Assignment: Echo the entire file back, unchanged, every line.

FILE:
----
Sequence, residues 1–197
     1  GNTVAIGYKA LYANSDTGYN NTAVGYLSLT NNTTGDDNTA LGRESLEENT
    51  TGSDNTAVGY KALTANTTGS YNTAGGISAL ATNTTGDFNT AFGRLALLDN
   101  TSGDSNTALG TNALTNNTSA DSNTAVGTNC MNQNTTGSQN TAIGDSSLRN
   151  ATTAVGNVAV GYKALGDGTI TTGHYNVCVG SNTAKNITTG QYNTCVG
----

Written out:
Sequence, residues 1–197
     1  GNTVAIGYKA LYANSDTGYN NTAVGYLSLT NNTTGDDNTA LGRESLEENT
    51  TGSDNTAVGY KALTANTTGS YNTAGGISAL ATNTTGDFNT AFGRLALLDN
   101  TSGDSNTALG TNALTNNTSA DSNTAVGTNC MNQNTTGSQN TAIGDSSLRN
   151  ATTAVGNVAV GYKALGDGTI TTGHYNVCVG SNTAKNITTG QYNTCVG